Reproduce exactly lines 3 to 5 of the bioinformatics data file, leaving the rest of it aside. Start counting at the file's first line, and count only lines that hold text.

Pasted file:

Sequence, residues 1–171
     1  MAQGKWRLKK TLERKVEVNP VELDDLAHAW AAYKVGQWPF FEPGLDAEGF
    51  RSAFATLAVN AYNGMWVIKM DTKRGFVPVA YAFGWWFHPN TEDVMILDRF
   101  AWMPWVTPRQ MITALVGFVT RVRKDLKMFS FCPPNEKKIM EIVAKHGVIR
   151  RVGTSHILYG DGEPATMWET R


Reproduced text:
    51  RSAFATLAVN AYNGMWVIKM DTKRGFVPVA YAFGWWFHPN TEDVMILDRF
   101  AWMPWVTPRQ MITALVGFVT RVRKDLKMFS FCPPNEKKIM EIVAKHGVIR
   151  RVGTSHILYG DGEPATMWET R